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Amo, amas, amat, amamus, amatis, amant, amateur

So. I am a ‘special guest’ in Nicholas Nickleby; it’s a student production of the Actor Training program of the performing arts conservatory that is part of the institution that employs me. There are twenty students in the cast and ten guests, mostly teachers in various parts of the conservatory, former and current professional performers. There’s one local professional actor; I don’t really know what he’s doing in the cast, but he’s terrific and a great fellow. Then there’s the president of the University and a former president of the University, neither of whom act in their spare time (not counting special appearances at University events such as this one) and who don’t really count. I am the only amateur actor, the only hobbyist.

The twenty students in the cast (and another twenty first-year students in the crew) are planning to go into the business professionally. Of course no more than two or three of them will make a living as performers for very long, because that’s how the business is, but I’m sure that each of the twenty is determined to be one of those two or three, or they wouldn’t be at this conservatory. In fact, I suspect that each of them would be disappointed even to have the career that our professional has had: in his sixties he has had ensemble roles in two Broadway plays, probably with as many as ten speaking lines between them. I’m impressed, but I don’t know that these Young Persons would be. They are young, they imagine themselves as future Benedict Cumberbatches and Kristen Chenoweths, going from one exciting opportunity to the next.

At any rate, I think of my job as a ‘guest’, in addition of course to performing on stage, as being a role model for these twenty-year-old hopefuls. I was at their age much like they are now, only with worse training and no contacts: I wanted to be a professional actor without knowing what that actually meant. Or, rather, not even knowing what that meant for the tiny percentage of hopefuls who make a living at the thing, but only knowing something of what it meant for the tiny percentage of successful professionals who could command enough attention to publish memoirs. Once I learned a bit of it, then heigh-ho, no actor’s life for me, no, thank you, no. Even if everything somehow came up sunshine and daffodils professionally and I were able to work and eat, it’s not a life I want. I did a couple of community theater shows back then, and found them frustratingly unprofessional, and gave the whole thing up. Didn’t do any theater of any kind for ten years. Came back to it, eventually, as an amateur, to do good amateur work (I hope) in good amateur productions. And I have a day job, and a wife and a family and a life, and I am above all a happy man.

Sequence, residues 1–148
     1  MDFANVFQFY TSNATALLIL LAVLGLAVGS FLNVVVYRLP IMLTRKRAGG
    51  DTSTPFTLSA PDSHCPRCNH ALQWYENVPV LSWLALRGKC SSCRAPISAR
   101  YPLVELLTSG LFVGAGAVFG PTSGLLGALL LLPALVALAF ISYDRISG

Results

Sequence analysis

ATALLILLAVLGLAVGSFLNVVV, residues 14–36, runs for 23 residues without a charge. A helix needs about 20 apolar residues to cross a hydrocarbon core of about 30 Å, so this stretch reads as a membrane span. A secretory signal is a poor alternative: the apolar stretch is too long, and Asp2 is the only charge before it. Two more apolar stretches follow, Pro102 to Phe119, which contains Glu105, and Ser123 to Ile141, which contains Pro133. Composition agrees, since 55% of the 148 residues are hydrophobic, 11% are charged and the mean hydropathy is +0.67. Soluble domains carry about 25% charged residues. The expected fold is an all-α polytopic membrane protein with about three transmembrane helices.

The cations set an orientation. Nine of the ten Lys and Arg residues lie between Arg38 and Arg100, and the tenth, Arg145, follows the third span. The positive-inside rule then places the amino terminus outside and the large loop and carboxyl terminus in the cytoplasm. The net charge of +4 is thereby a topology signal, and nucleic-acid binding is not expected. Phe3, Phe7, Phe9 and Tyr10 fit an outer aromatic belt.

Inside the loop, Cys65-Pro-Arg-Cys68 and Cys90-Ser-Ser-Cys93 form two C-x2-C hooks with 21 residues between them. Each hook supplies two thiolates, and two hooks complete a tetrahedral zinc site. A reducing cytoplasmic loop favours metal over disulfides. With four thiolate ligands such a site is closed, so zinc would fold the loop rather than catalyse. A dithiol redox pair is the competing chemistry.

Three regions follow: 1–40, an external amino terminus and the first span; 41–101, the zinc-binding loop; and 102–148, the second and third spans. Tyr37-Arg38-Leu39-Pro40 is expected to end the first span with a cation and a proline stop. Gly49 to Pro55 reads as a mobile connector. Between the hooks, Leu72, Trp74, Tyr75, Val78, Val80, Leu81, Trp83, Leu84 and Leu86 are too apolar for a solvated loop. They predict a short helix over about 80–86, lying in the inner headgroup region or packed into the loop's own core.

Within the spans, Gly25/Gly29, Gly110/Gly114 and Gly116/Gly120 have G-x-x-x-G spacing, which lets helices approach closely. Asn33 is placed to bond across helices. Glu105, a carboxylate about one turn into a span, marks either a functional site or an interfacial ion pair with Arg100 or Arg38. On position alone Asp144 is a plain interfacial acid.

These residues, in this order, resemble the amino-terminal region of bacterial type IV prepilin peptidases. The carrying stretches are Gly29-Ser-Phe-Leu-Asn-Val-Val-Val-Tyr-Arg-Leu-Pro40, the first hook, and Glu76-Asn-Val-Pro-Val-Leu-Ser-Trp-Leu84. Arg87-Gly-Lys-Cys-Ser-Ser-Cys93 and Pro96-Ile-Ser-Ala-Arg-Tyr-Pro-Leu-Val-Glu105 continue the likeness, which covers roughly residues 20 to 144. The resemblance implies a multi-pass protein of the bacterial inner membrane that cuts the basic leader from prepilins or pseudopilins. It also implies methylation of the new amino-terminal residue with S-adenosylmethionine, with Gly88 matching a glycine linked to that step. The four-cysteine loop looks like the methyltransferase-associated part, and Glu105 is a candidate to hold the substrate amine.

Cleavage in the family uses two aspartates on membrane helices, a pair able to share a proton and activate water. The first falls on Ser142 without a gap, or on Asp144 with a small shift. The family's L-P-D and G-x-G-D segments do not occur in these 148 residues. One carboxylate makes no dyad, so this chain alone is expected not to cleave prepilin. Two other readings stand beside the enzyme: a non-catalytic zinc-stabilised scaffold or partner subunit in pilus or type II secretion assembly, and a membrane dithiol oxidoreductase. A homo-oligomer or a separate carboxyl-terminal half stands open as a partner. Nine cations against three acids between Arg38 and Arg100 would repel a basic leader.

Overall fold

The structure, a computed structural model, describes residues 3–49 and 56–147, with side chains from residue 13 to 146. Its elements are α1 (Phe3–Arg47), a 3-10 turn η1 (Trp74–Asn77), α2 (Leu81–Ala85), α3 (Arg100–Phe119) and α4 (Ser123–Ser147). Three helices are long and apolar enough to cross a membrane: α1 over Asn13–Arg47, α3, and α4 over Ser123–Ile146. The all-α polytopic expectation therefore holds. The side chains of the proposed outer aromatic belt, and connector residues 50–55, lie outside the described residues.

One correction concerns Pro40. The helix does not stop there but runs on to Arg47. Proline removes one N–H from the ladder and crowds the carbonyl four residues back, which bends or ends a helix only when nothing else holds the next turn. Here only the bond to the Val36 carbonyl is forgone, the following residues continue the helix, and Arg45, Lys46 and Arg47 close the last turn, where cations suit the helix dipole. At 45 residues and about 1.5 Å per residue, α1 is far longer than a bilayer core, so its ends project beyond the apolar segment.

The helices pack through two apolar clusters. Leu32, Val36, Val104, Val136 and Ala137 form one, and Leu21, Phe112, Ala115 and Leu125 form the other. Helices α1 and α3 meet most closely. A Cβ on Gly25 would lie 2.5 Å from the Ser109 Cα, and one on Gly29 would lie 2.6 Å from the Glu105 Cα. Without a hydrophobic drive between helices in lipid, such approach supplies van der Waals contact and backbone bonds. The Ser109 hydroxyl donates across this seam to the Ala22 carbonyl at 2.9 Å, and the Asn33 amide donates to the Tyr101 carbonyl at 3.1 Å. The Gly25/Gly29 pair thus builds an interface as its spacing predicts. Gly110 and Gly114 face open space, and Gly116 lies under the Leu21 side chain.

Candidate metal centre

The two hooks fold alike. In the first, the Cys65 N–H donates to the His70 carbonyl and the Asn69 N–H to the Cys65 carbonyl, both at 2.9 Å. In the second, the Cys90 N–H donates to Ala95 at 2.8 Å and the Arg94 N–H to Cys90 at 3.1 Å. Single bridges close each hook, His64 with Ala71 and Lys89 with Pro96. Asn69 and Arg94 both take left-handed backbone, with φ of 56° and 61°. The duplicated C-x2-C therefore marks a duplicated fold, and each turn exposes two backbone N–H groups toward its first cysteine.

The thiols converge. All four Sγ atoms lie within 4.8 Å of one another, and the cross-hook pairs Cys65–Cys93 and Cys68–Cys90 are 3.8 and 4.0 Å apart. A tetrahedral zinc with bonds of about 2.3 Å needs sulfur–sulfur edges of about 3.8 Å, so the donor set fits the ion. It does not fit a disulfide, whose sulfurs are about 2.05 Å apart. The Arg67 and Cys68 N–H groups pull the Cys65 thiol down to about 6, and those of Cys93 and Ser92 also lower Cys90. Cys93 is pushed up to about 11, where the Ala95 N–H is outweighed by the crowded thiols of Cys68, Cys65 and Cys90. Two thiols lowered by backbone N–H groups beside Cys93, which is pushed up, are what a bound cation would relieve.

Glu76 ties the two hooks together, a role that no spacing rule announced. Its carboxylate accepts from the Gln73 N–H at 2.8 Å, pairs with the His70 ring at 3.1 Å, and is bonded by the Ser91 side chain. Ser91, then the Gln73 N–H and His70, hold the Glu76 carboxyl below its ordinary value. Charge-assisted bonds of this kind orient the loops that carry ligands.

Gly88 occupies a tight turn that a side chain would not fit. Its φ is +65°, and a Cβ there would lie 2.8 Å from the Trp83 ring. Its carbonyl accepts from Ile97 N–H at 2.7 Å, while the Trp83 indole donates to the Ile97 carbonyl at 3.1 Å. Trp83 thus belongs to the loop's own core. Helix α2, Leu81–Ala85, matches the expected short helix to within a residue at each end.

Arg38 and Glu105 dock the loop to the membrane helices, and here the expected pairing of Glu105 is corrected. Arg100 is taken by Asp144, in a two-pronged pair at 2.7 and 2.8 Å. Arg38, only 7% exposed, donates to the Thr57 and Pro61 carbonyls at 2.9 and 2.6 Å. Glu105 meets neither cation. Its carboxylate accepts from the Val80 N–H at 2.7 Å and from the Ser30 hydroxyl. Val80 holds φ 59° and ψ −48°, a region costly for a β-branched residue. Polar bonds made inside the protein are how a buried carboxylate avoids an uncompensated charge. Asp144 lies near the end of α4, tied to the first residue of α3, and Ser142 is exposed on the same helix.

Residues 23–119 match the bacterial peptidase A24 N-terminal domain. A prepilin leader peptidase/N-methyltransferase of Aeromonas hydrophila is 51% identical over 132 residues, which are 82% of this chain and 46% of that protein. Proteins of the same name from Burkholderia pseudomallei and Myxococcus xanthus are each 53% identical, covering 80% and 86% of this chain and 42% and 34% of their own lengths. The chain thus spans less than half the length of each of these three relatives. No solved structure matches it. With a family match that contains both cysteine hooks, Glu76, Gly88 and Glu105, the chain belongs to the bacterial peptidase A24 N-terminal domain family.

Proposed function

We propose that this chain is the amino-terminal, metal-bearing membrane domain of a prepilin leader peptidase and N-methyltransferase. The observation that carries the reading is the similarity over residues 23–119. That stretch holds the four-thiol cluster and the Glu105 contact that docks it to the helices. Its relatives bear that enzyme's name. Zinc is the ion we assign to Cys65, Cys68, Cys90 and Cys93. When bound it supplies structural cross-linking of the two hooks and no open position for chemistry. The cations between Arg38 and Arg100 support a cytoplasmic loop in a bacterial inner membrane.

Do I sound defensive? Well, that’s fair enough, but all the same: I’m just about the happiest guy I know, and I’m an amateur actor. If my 1990 self saw my 2015 self, he would probably be sorely disappointed, dissatisfied and perplexed, but I hope—I hope—he would at least recognize that this 2015 self is happy, and be pleased by that. And so I am parading myself in front of these Young Persons, twenty years old in 2015 as I was in 1990, in hopes that if they walk away from The Stage when they discover that they can’t, won’t or don’t want to make a living at it, they don’t have to spend ten years away. They can do this thing that we love, and love it, and do good work, and have a day job and be happy people.

I have more advice of course, which I would give if they asked for it. But they wouldn’t listen, and why would they? I shan’t be Polonius for them. I will do my best, on stage and backstage, and at my day job, too, where some of them do occasionally come by, and they will take from that whatever they will.

Tolerabimus quod tolerare debemus,